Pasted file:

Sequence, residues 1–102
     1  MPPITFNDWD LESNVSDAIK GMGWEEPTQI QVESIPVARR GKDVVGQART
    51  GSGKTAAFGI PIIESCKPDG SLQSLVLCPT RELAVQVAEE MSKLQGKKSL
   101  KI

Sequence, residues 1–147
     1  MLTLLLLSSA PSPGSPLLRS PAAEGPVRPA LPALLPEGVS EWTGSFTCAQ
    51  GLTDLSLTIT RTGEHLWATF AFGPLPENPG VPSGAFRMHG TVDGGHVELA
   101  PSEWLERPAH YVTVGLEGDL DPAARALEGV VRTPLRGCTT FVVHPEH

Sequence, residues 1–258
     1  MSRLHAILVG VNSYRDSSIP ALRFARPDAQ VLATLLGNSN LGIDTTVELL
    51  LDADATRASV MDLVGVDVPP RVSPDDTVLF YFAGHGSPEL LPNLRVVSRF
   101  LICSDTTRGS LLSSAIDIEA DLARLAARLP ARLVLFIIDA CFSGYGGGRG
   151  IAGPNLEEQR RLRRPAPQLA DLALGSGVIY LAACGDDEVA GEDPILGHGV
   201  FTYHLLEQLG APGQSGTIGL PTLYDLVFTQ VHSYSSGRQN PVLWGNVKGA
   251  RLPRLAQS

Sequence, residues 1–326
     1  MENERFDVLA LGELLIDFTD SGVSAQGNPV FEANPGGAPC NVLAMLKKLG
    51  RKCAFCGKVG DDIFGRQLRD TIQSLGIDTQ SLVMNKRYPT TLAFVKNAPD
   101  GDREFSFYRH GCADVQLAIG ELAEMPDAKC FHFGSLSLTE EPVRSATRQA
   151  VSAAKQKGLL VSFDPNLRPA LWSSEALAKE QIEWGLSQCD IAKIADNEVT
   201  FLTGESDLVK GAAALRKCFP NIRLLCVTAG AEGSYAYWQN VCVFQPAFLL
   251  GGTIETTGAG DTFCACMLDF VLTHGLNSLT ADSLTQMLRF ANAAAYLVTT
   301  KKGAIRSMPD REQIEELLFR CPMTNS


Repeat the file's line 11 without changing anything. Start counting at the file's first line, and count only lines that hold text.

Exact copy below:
    51  LDADATRASV MDLVGVDVPP RVSPDDTVLF YFAGHGSPEL LPNLRVVSRF